Get, Set, Fail!




Every painting I make has failure points in it somewhere and most of them teeter on the edge of failure for days or even weeks! But I usually figure out a way to resolve whatever I feel the problem is, armed with a flexible and adaptable process that gives me lots of options to try. Day 3 of Louise Fletcher's 'Find Your Joy' taster course was all about feeling free to make unsuccessful work and letting it go.


In order to meet her instructions for the day (which was basically to paint something ugly) I decided to deliberately set myself up for a failure by choosing to use materials that I don't usually turn to. Watercolours, chalks/pastels and some ink and gouache. All things that linger in the dusty depths of my studio and that I rarely use and have very little experience in using or knowledge of from a technique point of view. I gave myself and hour and then I did indeed walk away from the results! Though I will save them as I may be able to reuse them for collage.


However, there were a few learnings to be had from the exercise. I did feel a freedom to just play around without worrying about creating a masterpiece of any kind, so that felt good. I did feel slightly as though I was testing myself to see if I could indeed turn this around and produce something I was happy with. But that didn't happen! I also became aware of how practiced I am at recognizing what 'failure' looks like for me and that I'm ok with it. I feel strongly that these experiences are all part of the artists way. We have to learn to absorb the ups and the downs and use this energy to propel us along on our journey with strong forward momentum.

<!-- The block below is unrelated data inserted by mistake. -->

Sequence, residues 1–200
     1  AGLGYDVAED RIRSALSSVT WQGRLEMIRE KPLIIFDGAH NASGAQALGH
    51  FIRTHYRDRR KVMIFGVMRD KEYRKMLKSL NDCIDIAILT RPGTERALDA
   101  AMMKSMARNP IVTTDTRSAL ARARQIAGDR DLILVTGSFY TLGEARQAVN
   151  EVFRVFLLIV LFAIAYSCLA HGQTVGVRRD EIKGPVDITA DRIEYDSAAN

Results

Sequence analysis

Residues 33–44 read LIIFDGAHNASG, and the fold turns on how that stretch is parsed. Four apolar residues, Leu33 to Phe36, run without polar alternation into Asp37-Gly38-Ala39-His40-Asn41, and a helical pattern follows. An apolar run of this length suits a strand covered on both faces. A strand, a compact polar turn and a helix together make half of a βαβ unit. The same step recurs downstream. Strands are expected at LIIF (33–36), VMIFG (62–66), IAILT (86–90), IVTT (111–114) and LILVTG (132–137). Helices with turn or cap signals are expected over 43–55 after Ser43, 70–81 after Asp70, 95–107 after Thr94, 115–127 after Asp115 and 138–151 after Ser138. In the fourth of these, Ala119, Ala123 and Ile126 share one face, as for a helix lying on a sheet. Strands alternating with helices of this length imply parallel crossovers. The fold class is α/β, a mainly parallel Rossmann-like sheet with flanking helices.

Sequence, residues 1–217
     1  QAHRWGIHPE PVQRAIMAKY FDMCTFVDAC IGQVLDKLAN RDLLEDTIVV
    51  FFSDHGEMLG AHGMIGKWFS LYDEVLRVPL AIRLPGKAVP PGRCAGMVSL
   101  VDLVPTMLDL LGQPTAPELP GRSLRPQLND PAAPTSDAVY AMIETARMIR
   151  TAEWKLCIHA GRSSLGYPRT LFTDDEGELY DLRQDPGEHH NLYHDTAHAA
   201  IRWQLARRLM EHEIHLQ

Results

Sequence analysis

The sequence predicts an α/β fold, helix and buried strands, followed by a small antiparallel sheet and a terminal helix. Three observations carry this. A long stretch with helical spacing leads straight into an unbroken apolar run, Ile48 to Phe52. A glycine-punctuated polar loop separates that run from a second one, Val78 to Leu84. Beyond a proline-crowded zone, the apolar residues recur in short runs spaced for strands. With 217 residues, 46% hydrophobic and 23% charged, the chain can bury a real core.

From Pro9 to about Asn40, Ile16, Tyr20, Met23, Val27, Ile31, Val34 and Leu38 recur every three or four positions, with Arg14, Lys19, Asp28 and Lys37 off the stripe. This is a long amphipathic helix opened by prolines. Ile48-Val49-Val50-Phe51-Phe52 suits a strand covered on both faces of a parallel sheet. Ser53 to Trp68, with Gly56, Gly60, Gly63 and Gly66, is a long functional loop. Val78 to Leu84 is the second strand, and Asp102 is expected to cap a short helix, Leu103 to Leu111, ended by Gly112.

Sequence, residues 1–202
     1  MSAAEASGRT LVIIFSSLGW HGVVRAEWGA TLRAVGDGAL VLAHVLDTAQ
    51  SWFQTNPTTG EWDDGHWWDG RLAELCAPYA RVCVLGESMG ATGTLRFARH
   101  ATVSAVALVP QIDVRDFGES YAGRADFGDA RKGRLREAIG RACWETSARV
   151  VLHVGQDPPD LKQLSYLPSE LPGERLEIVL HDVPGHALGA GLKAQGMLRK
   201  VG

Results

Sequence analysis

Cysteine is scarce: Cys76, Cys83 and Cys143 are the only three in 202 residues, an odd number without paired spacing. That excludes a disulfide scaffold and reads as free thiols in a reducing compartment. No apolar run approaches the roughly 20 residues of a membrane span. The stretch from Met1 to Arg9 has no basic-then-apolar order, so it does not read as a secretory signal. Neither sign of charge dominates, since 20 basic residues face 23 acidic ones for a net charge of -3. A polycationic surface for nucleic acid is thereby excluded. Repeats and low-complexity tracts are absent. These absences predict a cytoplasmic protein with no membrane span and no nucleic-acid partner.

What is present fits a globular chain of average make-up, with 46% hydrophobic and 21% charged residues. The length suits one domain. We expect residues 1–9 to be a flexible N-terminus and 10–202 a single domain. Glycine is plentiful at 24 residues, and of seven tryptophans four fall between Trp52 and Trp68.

I realised just how much I love creating layers in my work, through thickly applied paint and collage. I do love surface texture and a visible sense of history in my work that tells a story about the journey it's been on. I found I couldn't even begin to explore this with these materials. Perhaps with more technical skill and experience with watercolours in particular I could begin to achieve this, but I think I'd probably have to set aside a few months to really see whether or not I could integrate them into my process, or create a new body of work around it. I'm not saying I'm not up for the challenge, but I'm enjoying where I'm at with my process at the moment!


This challenge left me with a greater awareness of what I am pursuing in my work and those aspects that don't light my fire or encourage me to get into the studio on a daily basis. It's helped affirm for me that I'm going in the right direction and putting energy into art making that feels right for me.






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